Even though it seems counterintuitive, it’s a good idea to cut off the top if you’ve had to cut off the roots.
To maintain the Monstera’s beautiful leaves, damaged roots are not up to providing the necessary support.
Cutting off the newest growth is a great way to relieve stress on the root system and give it time to heal.
All of that beautiful growth does not have to go to waste. This type of trim is ideal for propagation because almost all Monstera cuttings root vigorously.
Place the trimmings in a small amount of water in a well-lit area, and you’ll have an entirely new plant in no time.
Apply A Root Growth Promoter
A root growth promoter comes in handy if you’ve had to trim your plants.
This is a synthetic hormone that stimulates the growth of new roots.
Usually, a booster is put directly on the roots, but if you just potted your Monstera, you can mix it with water and pour it over the soil instead. (Check out the Amazon prices here)
Cinnamon is a natural alternative that some people swear by.
Aside from its antifungal properties, it’s an excellent choice for Monsteras who have cut their roots.
The simplest method is to steep one teaspoon of powdered cinnamon in a gallon of hot water to make a tea.
Once cooled, strain it and pour it into the pot to thoroughly soak the roots.
Water Thoroughly Immediately After Repotting
Root damage causes dehydration, which causes droopy leaves in Monstera.
It’s easy to avoid this by giving your Monstera plenty of water when it’s in its new home.
This will provide the plant with enough water to counteract the effects of the repotting process.
In addition, it will aid in the stabilization of your growing medium’s loose parts.
Once everything is in place, you may need a few more handfuls of the medium.
If the Monstera is staked or climbing a moss pole, the medium must be solidly in place to prevent the support from shifting.
Remember to soak your new moss pole as well. They are an essential water source for climbing Monstera, and if the stakes are dry, the plant will become thirsty.
Water Appropriately Later
After settling the medium and giving your Monstera a good start, you must exercise caution when watering.
After the first deep watering, let the medium dry completely before giving the Monstera another drink.
This ensures that the Monstera gets the moisture it needs, and the drying out period prevents the fungi that cause root rot from taking root in the new, clean soil.
Before re-watering, allow the top two or three inches of soil to dry out completely.
This could take as little as one week during the summer, but if you’ve had to repot in the dead of winter, it could take up to one month or more.
Don’t be tempted to water the medium until it’s scorched. You can’t let the roots sit in stagnant, wet soil.
Overwatering injured roots is the fastest way to rot a plant from the ground up.
A moisture meter is an excellent tool if you’re unsure of the water levels in the Monstera pot.
This small device uses a small amount of electricity to determine how much water is deep in your medium.
They’re an excellent choice for growers who value accuracy. (Check out the prices on Amazon here)
Maintain A Good Growing Environment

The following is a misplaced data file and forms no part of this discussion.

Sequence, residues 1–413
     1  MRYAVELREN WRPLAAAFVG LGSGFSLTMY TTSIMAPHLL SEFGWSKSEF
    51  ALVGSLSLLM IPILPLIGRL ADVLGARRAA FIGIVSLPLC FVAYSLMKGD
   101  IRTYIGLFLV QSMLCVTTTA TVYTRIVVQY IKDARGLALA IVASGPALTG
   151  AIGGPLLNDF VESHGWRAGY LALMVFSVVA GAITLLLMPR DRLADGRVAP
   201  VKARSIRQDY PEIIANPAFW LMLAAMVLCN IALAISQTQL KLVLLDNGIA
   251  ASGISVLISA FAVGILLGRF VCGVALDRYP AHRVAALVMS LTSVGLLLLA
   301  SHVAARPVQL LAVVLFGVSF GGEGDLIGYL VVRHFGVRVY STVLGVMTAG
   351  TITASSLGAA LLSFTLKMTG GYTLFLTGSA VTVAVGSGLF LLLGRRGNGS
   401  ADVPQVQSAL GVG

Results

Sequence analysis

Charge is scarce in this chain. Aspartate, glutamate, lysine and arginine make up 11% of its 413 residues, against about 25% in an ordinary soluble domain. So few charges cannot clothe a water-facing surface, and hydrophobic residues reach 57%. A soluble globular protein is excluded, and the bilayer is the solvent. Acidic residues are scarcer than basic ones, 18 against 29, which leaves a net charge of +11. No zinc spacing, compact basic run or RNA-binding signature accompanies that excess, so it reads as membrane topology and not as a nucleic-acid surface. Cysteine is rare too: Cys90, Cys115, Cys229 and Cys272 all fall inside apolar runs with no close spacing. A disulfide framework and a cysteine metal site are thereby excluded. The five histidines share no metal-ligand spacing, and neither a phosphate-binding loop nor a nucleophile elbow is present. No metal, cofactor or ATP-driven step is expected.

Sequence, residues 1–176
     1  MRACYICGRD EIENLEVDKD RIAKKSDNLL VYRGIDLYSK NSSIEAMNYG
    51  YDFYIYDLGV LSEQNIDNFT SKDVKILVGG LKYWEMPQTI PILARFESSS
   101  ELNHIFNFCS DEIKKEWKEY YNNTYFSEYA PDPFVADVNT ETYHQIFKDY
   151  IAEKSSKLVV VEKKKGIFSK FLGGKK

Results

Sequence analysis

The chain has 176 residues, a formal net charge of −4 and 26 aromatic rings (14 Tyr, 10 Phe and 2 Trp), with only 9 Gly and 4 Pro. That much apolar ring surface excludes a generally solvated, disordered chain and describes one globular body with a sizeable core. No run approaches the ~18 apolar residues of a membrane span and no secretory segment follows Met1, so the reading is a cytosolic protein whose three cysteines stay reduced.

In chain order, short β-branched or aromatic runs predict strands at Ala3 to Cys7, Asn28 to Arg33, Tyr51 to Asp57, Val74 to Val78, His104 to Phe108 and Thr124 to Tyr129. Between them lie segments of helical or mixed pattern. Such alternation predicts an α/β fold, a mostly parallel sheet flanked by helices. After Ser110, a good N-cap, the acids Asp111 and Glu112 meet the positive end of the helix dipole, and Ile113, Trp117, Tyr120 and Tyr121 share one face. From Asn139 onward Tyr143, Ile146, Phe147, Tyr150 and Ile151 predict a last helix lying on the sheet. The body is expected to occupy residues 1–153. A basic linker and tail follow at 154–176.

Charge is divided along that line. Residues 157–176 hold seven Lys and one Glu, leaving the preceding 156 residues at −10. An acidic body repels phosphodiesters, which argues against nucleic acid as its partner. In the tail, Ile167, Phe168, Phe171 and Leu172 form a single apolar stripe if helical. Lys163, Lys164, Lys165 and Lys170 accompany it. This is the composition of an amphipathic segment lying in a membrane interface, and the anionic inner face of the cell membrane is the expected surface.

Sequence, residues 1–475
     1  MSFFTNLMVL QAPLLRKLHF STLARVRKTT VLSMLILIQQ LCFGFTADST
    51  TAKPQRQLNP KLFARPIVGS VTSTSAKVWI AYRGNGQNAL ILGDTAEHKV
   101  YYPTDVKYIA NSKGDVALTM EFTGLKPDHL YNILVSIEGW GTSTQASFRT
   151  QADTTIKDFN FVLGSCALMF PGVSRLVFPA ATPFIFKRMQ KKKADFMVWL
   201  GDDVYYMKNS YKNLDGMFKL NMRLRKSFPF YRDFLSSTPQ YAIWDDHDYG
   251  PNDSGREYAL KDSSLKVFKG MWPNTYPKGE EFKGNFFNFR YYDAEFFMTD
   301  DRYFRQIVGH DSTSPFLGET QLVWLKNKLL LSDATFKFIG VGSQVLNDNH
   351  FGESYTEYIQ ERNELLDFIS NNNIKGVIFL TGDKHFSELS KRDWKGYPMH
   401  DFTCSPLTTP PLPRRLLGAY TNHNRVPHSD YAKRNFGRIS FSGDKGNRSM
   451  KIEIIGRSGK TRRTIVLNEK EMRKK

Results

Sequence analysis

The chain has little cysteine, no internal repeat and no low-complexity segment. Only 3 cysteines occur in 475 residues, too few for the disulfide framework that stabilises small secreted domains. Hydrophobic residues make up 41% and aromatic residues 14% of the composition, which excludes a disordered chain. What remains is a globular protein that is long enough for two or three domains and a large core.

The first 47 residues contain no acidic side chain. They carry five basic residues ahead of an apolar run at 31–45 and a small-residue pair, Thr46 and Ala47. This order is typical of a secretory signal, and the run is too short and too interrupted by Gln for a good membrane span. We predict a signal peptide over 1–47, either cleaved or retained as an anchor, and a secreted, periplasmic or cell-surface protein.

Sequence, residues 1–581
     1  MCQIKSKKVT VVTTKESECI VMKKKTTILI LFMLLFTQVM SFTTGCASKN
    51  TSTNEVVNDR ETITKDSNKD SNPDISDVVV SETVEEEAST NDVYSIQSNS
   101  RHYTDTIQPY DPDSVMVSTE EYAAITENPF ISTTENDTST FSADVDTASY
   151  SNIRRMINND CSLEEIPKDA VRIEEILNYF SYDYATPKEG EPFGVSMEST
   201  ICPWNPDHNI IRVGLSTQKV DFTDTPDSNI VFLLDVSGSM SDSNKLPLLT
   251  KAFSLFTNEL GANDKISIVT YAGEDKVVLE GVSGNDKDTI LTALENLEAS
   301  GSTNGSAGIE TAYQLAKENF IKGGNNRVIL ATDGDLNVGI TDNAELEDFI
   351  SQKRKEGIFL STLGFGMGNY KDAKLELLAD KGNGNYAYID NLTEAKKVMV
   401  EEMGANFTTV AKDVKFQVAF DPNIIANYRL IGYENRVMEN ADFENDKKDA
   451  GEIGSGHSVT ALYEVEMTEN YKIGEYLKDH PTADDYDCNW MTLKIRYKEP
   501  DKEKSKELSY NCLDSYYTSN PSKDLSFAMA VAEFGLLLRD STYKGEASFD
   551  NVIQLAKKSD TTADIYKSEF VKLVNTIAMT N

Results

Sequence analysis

Monstera is not the most demanding of plants. They will thrive in various lighting conditions and will not complain if their medium becomes dry.
However, it’s best to be extra gentle with a droopy transplant; they’re already feeling vulnerable and need all the love they can get.
Monstera does best at temperatures between 65 and 85°F (18 and 30°C), with the warmer end better. They also require humidity levels of at least 40%.
Maintain as much stability as possible for both. Temperature and humidity fluctuations can also cause drooping leaves.
Monsteras require consistent light, so return a newly potted Monstera to its original location.
The plant has already experienced enough change and will recover best at an average light level.
Be Patient and Attentive
Your Monstera is in a state of recovery. Indeed, you’ll be able to enjoy your tropical paradise again in no time.
So take care of it while you can. If you don’t want to overwater it accidentally, keep a close eye on it.
The root cause of transplant shock is a severe issue.
Even though this problem can be remedied over time, it leaves the Monstera vulnerable to other root-system diseases.
Keep an eye out for yellowing roots and musty odors in the growing medium.
This is especially important if you’ve repotted a Monstera with root rot; you’ll want to watch it to ensure the treatment was successful.
How Long Does It Take for Monstera to Heal After Repotting?
A droopy Monstera’s recovery time depends on several factors, but the root system is the most critical. Your recovery will be quick if your roots are healthy.
As a result of their vigorous growth and deep roots, monsteras can quickly adapt to a new medium.
The entire plant should perk up in about two weeks.
However, you’ll have to wait longer if you’re doing it as part of a root rot treatment.
It could be a month or two, especially if the cool part of the year and the Monstera were primarily dormant.
An overworked plant will take some time to recover from its sleep deprivation.
It’s just a matter of being patient and showing tender kindness to the Monstera while it heals.
Even a wounded one will bounce back if you treat them right.